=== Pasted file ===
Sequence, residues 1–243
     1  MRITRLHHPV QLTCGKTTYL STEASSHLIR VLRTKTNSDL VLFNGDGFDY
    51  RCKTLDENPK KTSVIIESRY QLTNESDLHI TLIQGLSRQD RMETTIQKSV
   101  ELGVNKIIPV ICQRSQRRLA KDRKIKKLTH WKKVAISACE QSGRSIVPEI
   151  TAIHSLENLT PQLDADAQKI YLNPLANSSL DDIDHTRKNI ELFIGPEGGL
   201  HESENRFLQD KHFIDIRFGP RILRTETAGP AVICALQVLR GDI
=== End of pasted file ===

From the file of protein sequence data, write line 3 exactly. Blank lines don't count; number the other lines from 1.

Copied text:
    51  RCKTLDENPK KTSVIIESRY QLTNESDLHI TLIQGLSRQD RMETTIQKSV